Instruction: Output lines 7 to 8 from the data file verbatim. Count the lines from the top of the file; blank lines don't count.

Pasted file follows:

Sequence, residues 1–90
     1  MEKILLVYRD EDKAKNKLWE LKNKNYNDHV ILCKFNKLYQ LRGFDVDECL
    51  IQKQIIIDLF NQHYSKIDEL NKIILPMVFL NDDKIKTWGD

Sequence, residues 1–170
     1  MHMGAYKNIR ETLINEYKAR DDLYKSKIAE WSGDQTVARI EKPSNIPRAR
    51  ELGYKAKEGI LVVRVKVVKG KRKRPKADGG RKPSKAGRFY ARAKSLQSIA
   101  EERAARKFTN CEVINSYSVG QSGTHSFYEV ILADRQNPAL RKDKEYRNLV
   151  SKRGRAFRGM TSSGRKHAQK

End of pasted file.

   101  EERAARKFTN CEVINSYSVG QSGTHSFYEV ILADRQNPAL RKDKEYRNLV
   151  SKRGRAFRGM TSSGRKHAQK